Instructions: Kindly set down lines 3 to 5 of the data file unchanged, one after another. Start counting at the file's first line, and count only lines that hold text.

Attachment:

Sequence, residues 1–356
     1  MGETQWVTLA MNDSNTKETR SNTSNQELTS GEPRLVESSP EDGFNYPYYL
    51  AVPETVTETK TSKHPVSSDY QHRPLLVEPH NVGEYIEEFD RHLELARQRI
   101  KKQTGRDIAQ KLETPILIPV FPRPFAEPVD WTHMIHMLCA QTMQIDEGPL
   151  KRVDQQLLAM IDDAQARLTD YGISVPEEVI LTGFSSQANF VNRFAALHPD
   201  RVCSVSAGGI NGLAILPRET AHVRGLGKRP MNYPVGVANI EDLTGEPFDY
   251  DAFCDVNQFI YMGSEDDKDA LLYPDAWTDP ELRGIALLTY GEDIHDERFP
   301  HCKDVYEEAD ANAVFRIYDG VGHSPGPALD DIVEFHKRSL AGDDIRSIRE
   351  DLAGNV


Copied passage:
    51  AVPETVTETK TSKHPVSSDY QHRPLLVEPH NVGEYIEEFD RHLELARQRI
   101  KKQTGRDIAQ KLETPILIPV FPRPFAEPVD WTHMIHMLCA QTMQIDEGPL
   151  KRVDQQLLAM IDDAQARLTD YGISVPEEVI LTGFSSQANF VNRFAALHPD